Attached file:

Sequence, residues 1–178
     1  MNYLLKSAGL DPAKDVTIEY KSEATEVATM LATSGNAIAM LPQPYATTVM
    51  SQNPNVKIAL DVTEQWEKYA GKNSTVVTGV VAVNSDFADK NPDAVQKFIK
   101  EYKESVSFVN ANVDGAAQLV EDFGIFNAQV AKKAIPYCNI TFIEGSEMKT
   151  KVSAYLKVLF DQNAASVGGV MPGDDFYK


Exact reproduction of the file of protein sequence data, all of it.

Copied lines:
Sequence, residues 1–178
     1  MNYLLKSAGL DPAKDVTIEY KSEATEVATM LATSGNAIAM LPQPYATTVM
    51  SQNPNVKIAL DVTEQWEKYA GKNSTVVTGV VAVNSDFADK NPDAVQKFIK
   101  EYKESVSFVN ANVDGAAQLV EDFGIFNAQV AKKAIPYCNI TFIEGSEMKT
   151  KVSAYLKVLF DQNAASVGGV MPGDDFYK